[Updated: 3:05pm with initial views on the court's reasons]
At 12.30 today, the Full Bench of the Federal Court (Foster, Dowsett and Yates JJ) handed down a decision in Samsung's appeal against the interim injunction issued by Justice Annabelle Bennett barring sale of the Galaxy Tab 10.1 tablet computer in Australia.
The court has unanimously overturned Justice Bennett, opening the way for Samsung to get its products into stores just in time for Christmas (for those who have not yet done their shopping).
Apple requested a stay of the order lifting the injunction, so that it can appeal to the High Court, which Samsung said would only serve to prolong the injustice that had already been visited upon it. Justice Foster has granted a stay until 4pm on Friday AEST.
The Attorney General of Canada and The Commissioner of Patents v Amazon.com  FCA 328 (24 November 2011)
The Canadian Federal Court of Appeal has issued its decision in the dispute between Amazon.com and the Canadian Intellectual Property Office (CIPO) over whether Amazon’s ‘1-click’ ordering system comprises patent-eligible subject matter in Canada. And, contrary to the position argued by the Commissioner of Patents, the court has held that CIPO should be ‘open to the possibility that a novel business method may be an essential element of a valid patent claim’, i.e. that there is no blanket prohibition of the patenting of ‘business methods’ under the Canadian patent law.
The appeals court has largely upheld the reasoning provided by Justice Phelan in the earlier Federal Court decision overturing the rejection of Amazon’s claims by the Canadian Commissioner of Patents, once again reversing the Commissioner’s original determination.
However, the court also technically upheld the appeal, finding that Justice Phelan had effectively ordered CIPO to grant a patent to Amazon, by providing a definitive interpretation of the claims in the absence of relevant expert opinion, and without deferral to the greater expertise of the CIPO examiners in technical matters.
The Court of Appeal has therefore remanded the application back to the Commissioner for claim construction and re-examination on a expedited basis in view of the court’s reasons.
Today Samsung and Apple faced-off once again in the Federal Court of Australia, at a hearing which is likely to determine whether Samsung’s Galaxy Tab 10.1 tablet computer is ever officially released to the Australian market.
A full bench of the court, comprising Justices Lindsay Foster, John Dowsett and David Yates, sat to hear Samsung’s appeal – and Apple’s defence – of the preliminary injunction imposed last month by Justice Bennett against the Galaxy Tab, pending a full hearing of Apple’s patent infringement claims. (See Date, Panel Set for Samsung Appeal Against Galaxy Injunction for further background on the judges.)
A decision in the appeal is expected early next week, which would still leave Samsung – if successful – with sufficient time to shift a few tablets in the lead-up to Christmas, and perhaps a few more in the post-Christmas sales. However, if the full court upholds the injunction, and with a date for a full trial on Apple’s claims yet to be set, then it seems unlikely that the Galaxy Tab 10.1 will see the inside of Australian stores.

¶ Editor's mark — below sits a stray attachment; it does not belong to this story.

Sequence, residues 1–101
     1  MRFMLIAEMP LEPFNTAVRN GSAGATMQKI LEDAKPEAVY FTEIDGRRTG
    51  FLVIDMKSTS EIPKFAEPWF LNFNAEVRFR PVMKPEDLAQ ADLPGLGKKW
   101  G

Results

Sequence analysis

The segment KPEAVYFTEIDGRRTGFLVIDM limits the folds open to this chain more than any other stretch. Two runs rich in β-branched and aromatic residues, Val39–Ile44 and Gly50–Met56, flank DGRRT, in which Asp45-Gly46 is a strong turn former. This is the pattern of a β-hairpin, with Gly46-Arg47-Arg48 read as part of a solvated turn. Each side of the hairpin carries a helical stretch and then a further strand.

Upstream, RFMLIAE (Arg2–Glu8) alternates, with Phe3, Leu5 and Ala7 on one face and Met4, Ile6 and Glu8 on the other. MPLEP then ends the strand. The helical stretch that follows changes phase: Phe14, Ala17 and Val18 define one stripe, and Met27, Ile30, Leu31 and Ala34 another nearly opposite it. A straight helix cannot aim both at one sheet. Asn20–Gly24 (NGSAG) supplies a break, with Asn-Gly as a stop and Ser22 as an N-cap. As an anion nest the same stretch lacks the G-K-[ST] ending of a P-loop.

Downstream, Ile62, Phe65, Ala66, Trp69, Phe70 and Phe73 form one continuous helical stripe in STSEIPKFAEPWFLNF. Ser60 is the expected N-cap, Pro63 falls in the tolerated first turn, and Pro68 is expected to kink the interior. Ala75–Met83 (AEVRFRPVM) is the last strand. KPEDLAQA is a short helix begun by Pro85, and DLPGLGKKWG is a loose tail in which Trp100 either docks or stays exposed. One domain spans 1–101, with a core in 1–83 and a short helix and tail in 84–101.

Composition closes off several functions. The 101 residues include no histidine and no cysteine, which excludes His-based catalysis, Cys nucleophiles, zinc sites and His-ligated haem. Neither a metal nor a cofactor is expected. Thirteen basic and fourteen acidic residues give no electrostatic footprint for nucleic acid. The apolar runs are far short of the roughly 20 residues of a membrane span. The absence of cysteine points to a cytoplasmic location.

On 23 November 2011, the Australian Government finally issued its response to nearly a decade’s worth of reviews of the Australian patent system. The full response can be downloaded from IP Australia’s web site.
While the Government’s response is nominally in reply to the report of the Australian Senate Community Affairs Committee Inquiry into Gene Patents (which was published almost exactly a year ago, and reported on this blog in Gene Patents Survive Australian Senate Enquiry – For Now), it has also taken the opportunity to accept a recommendation of that report to respond simultaneously to:
the review of Australia’s patent system by IP Australia, which has already led to the introduction in the Senate of the Intellectual Property Laws Amendment (Raising the Bar) Bill 2011 (see Senate Patent Reform Bill – A Closer Look); and
The Royal Children’s Hospital v Robert Alexander APO 94 (10 November 2011)
Entitlement – employer/employee relationship – whether employee had a ‘duty to invent’ – whether inventions made ‘in the course of employment’ – whether patent applications should proceed in the name of the employer or employee
In a tale of two pending patent applications filed by the sole named inventor Dr Robert Alexander, one has been found rightfully to belong to his employer, The Royal Children’s Hospital (RCH), while he will be allowed to keep the other for himself, according to a Hearing Officer (Delegate Karen Ayres) in the Australian Patent Office.
As in the leading decision of the Full Federal Court in University of Western Australia v Gray  FCAFC 116, ownership was resolved by considering whether Dr Alexander had a ‘duty to invent’ the subject matter of each application under any express or implied terms of his employment contract with RCH.
At the relevant times, Dr Alexander was Head of Virology at RCH where his primary role was to maintain the Virology/Tissue Culture and Molecular Diagnostics service, which conducts viral diagnostic work on upwards of 10,000 clinical samples at the hospital each year. The Delegate found that in this role it was one of his duties to improve the viral diagnostic techniques used at the hospital, so as to enable the hospital to better diagnose viral diseases. However, he was not required, or expected, to conduct extensive (and, perhaps, expensive) research into possible modifications to equipment used in diagnosis, particularly where there had been no substantial issues identified with the effectiveness of the existing equipment.